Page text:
Victorian Premier Ted Baillieu is the only Australian leader to deny workers a public holiday to compensate for Christmas Day this year falling on a Sunday.

ACTU President Ged Kearney said Mr Baillieu was behaving like the Grinch who stole Christmas, forcing Victorians who have to work Christmas Day to do so for far less compensation than their counterparts in the rest of the country.

“In every other state, workers will get an additional public holiday, while in Victoria workers will have to go to work for the normal Sunday rate,” Ms Kearney said.

“This means not only will these Victorian workers miss out on spending one of the most important days of the year with family and friends, but they will not even be compensated fairly.

“Also, Victorian workers ordinarily rostered to work on a Sunday cannot refuse to work on Christmas Day for family or religious reasons, unlike in other states.

“Christmas Day should be declared a public holiday in every state and territory to protect all employees and provide consistency and certainty.

“It would be in the interests of both employers and employees if there was a uniform approach in all states and territories so that the Sunday was treated as a public holiday for those who had to work on it, with an additional public holiday the following Monday.”

Ms Kearney said the ambiguity surrounding Christmas Day and weekends was settled in all other states and territories last year, by them having the sense to declare an additional public holiday in such circumstances.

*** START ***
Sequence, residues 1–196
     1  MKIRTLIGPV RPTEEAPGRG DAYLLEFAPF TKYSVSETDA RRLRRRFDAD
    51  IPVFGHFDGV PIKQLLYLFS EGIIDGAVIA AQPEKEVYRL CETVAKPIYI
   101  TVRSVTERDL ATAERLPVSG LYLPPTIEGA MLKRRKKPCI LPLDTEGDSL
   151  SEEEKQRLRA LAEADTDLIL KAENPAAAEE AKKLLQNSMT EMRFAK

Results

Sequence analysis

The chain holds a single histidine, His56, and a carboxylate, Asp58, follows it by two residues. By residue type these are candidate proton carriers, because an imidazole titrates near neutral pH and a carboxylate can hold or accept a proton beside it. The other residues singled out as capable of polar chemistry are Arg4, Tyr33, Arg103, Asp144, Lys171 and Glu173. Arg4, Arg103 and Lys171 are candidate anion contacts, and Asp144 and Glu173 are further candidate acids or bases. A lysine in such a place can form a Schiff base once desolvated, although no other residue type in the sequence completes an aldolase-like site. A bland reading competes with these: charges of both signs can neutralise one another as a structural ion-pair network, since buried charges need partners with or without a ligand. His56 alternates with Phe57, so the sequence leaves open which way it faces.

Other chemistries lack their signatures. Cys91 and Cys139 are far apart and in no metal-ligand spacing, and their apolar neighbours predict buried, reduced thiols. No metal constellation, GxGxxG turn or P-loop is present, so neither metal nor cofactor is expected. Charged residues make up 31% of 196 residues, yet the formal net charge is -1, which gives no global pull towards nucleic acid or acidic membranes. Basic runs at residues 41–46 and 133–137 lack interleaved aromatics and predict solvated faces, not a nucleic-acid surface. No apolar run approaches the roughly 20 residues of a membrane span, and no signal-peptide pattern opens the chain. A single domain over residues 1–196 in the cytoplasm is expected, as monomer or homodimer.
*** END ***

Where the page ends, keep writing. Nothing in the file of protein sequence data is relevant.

“Despite the fairness shown across the rest of Australia, Mr Baillieu is prepared to go it alone and be the Grinch who stole Victorian workers’ Christmas,” she said.

“It is totally unfair that workers in Victoria can be forced to come into work on Christmas Day. No-one wants to see a nurse, waiter, kitchen assistant or convenience store worker being forced to come in on Christmas Day because they cannot afford not to.”

Ms Kearney said if 25 December was prescribed as a holiday, awards and agreements clauses would ensure public holiday penalty rates would be paid on the day.

“As a matter of principle, we think that all employees working on Christmas Day should get some form or penalty rate, to compensate them from time away from their family and friends, and time spent working on a day that everyone else enjoys off,” she said.

“But the most important thing is that by declaring 25 December to be a public holiday, under the National Employment Standards workers would be able to refuse to work on Christmas.”